- helen.carter helen.carter Feb 13, 2013Social Media is going to continue to develop as a significant area of concern for educational institutions. In January this year the Australian Prime Minister announced a protocol to address cyber-bullying (ref. http://www.pm.gov.au/press-office/social-networking-sites-cooperate-government-complaint-handling). This coincided with the launch of a cyber education program to address cyber safety, cyber security and responsible online behaviour in Schools. How we engage with social media, use it effectively and safeguard our privacy is going to be a significant issue for educational institutions to address. With ever smarter search systems (ref. Facebook's graph search), how we present ourselves, what information we release about ourselves (intentionally or otherwise) is something that cannot be ignored. Universities will need to start addressing this as a key graduate capability. It is no longer good enough just to say that students don't want us in their facebook sites - this is completely missing the point.
  • - agrei8 agrei8 Feb 17, 2013 Social Media is truly a doubled edged sword. On the negative as Helen above highlights there are concerns of the current use of social media solutions by some in our online commmunities. There are concerning issues that do occur in all social media sites regardless of the privacy and acceptable usage agreements the services get users to agree to. Education on eSafety/ Cyber Safety is always prudent to better education those first moving into this realm to not only protect themselves from unscrupulous users but also to help avoid the unfortunate self created issues on their use and how they present themselves through their social online identity. Social Media services will develop and mature and our understanding on their impact will get deeper around their impact and opportunities that could be leveraged in education.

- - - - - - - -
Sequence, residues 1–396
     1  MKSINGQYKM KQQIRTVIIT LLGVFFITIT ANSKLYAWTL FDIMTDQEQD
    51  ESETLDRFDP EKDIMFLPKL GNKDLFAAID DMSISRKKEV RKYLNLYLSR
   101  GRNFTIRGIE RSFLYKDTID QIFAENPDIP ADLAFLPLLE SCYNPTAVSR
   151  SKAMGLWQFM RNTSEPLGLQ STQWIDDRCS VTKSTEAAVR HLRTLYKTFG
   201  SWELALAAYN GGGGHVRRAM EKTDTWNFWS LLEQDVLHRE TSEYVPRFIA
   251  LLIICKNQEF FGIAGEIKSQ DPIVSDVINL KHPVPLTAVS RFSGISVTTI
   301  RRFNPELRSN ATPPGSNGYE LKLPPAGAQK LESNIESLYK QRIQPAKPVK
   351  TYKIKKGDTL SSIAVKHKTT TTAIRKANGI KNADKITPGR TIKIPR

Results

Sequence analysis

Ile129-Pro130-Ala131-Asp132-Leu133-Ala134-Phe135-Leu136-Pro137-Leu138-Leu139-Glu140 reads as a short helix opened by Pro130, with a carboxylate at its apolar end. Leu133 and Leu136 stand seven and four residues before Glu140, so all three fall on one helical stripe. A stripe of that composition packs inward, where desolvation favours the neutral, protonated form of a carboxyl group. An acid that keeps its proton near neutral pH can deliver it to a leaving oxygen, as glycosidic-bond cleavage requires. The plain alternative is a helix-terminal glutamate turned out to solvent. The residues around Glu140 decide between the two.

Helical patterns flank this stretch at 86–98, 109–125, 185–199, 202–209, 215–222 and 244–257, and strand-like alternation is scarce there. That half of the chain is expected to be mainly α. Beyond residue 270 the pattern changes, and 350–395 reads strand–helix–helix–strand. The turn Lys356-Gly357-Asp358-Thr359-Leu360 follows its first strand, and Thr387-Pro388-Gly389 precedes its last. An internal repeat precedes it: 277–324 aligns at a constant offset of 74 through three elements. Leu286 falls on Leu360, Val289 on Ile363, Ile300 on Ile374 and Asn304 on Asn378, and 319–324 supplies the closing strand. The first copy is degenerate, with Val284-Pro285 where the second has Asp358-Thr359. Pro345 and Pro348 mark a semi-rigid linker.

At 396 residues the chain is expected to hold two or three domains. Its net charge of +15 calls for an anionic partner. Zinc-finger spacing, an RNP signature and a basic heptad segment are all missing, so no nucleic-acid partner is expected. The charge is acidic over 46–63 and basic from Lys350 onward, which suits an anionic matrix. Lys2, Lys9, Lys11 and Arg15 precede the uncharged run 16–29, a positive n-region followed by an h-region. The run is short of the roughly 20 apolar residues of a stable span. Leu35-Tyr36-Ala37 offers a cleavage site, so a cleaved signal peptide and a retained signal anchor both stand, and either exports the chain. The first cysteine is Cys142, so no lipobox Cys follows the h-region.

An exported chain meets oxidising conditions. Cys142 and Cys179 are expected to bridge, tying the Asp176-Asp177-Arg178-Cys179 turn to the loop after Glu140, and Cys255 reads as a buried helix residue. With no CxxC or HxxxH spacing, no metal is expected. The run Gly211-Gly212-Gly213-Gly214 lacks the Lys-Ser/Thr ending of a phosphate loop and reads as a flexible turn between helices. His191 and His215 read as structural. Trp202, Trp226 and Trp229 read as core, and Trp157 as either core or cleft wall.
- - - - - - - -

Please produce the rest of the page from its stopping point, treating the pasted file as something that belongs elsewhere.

• - agrei8 agrei8 Feb 17, 2013 The positive side to Socia Media services is the ability to connect to others in ways never before possible utilising a whole range of media suitable to the service being used. Such media through various desktop, laptop and mobile platforms are accessible through a range of web based or app tools. Many of the social media/ networking sites are expanding many of their service beyond the simple sharing of media content. They are providing tools for the express purpose of connecting and collaborating with others. These services are providing a suite of tools typically accessed previously through disperate unconnected solutions. For example Google's Google+ social network has in the last two years started to provide a range of tools for that could be of great interest for education markets, particularly university level. - Melissa.Langdon Melissa.Langdon Feb 21, 2013Users can create circles of other students in the same subject for easy contact management and communication. Students or the university themselves could create communities for the subjects for the enrolled students. Google+ Hangouts could provide particularly useful allowing students to employ online web conferences for up to 10 users. Agreed. - Melissa.Langdon Melissa.Langdon Feb 21, 2013 Hangouts also incorporate apps for additional functionality e.g.desktop sharing making these more than simple video conferencing. Add in the Hangouts on Air functionality Hangouts can be recorded and played on demand via Youtube. Such social networking sites are providing a plethora of functionality that can be leveraged off by not only the students but the university themselves for their own ends.